We all know how rapidly technology is changing the world and various industries around us. How will the healthcare industry be impacted by tech innovations as we continue to move forward? Not surprisingly, these changes have already started to revolutionize the standard means of operations for medical practices across the country.
From telemedicine to artificial intelligence, there are a host of new technologies with the potential to forever change how medicine is practiced. So what are some of the key areas to pay attention to in the near future? We’ve highlighted some promising areas to pay attention to as move further into 2020 and beyond:
1. Telehealth gets a booster shot
Telehealth allows for remote delivery of healthcare between doctors and patients, though it can also be used for teleradiology and remote patient monitoring. Due to the COVID-19 pandemic, telehealth has grown tremendously over the last few months. More and more medical practices are using video conferencing to administer care to patients in order to maintain social distancing and avoid spreading the virus unnecessarily.
Telehealth providers and platforms have seen a tremendous increase in usage, with some providers seeing over a 2000% increase in visits. This technology was already on the rise before COVID-19 and will become a larger part of standard patient care once the pandemic subsides. Some great uses for telehealth include helping manage chronic conditions, following up after inpatient stays, surgeries, or discussing diagnostic results.
2. Revenue management gets sharp
Thanks to the rise of medical billing outsourcing providers, like Billing Savi, medical practices can more easily access the latest in billing technology. Medical practices typically have a hard time keeping up with the latest billing technologies as they are busy with patient care and various other aspects of running a successful organization.
By working with experts and outsourcing their revenue management operations, practices are able to stay on top of the latest software and technological innovations that can help boost revenues and collections. Experts like Billing Savi are able to guide organizations on important issues such as which codes to use, what areas are causing problematic trends, and promising new ways to boost practice revenues.
3. 3D printing opens up possibilities
3D printing holds so much potential and is already starting to make a positive impact on healthcare. For example, 3D printing makes it possible for low income or war-torn areas to gain access to low-cost, customized prosthetics. These areas can also print their own medical equipment, instead of having to order and wait for parts to arrive from external suppliers. This alone has the power to change millions of lives around the world.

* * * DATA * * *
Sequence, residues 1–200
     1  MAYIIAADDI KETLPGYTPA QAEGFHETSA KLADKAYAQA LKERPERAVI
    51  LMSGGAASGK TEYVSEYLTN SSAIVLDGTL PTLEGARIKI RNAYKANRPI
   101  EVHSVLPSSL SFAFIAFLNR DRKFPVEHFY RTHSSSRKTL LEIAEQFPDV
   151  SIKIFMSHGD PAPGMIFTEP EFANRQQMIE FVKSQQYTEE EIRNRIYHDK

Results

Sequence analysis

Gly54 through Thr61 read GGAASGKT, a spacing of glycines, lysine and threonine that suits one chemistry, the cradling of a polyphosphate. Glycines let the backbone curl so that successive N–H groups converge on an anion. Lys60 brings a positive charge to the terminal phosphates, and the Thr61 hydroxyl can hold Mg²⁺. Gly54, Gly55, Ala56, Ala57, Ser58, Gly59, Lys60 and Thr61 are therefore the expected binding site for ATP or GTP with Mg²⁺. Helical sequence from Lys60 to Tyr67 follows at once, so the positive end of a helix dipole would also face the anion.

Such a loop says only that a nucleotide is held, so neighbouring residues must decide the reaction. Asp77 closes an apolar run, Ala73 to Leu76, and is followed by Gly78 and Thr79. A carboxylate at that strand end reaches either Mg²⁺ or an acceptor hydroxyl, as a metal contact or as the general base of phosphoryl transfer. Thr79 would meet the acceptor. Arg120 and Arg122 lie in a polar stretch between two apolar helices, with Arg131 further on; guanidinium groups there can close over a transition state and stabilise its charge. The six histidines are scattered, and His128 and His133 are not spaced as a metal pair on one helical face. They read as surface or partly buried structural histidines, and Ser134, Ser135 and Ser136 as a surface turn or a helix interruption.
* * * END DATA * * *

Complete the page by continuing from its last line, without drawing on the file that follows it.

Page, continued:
Doctors in training will also be able to use 3D printed human parts and organs to practice on. Doing so can have a tremendous impact on the quality of doctors and care patients receive. Training on realistic human models makes the operational process more accurate and effective.
4. Robots enter the surgery room
Robots have been involved in surgery for a few decades, but this technology is still far from being fully developed. In fact, this exciting field is expanding rapidly as many new companies continue to enter the industry. Investments in companies operating in this space have skyrocketed since 2016, recording an increase of over 300% in three years, and the total investment to date has reached $1.36 billion.
Robots can help tremendously in reducing the limitations of minimally invasive surgeries (MIS). By improving efficiencies and surgical precision, robotic usage in surgeries aims to make surgery safer and faster, helping to speed up patient recovery and improve medical outcomes. Robotic manipulation reduces the need for manual interaction, thus decreasing the risk of potential human errors.
5. Internet of Things (IoT) meets Healthcare
Internet of Things or IoT devices are generally electronic devices that can share information. By now we are all familiar with different IoT based devices such as smart home devices (Nest) and wearable fitness trackers (FitBit). This technology is also becoming quite useful within the healthcare industry as devices like heart monitors and pacemakers collect and send patient health statistics over networks to Healthcare providers for monitoring, analysis and remote configuration.
Healthcare systems and networks are trying to use IoT to lower project delivery times and costs. Processes and software include remote device management, management of bandwidth use, data science, privacy applications and information security strategies.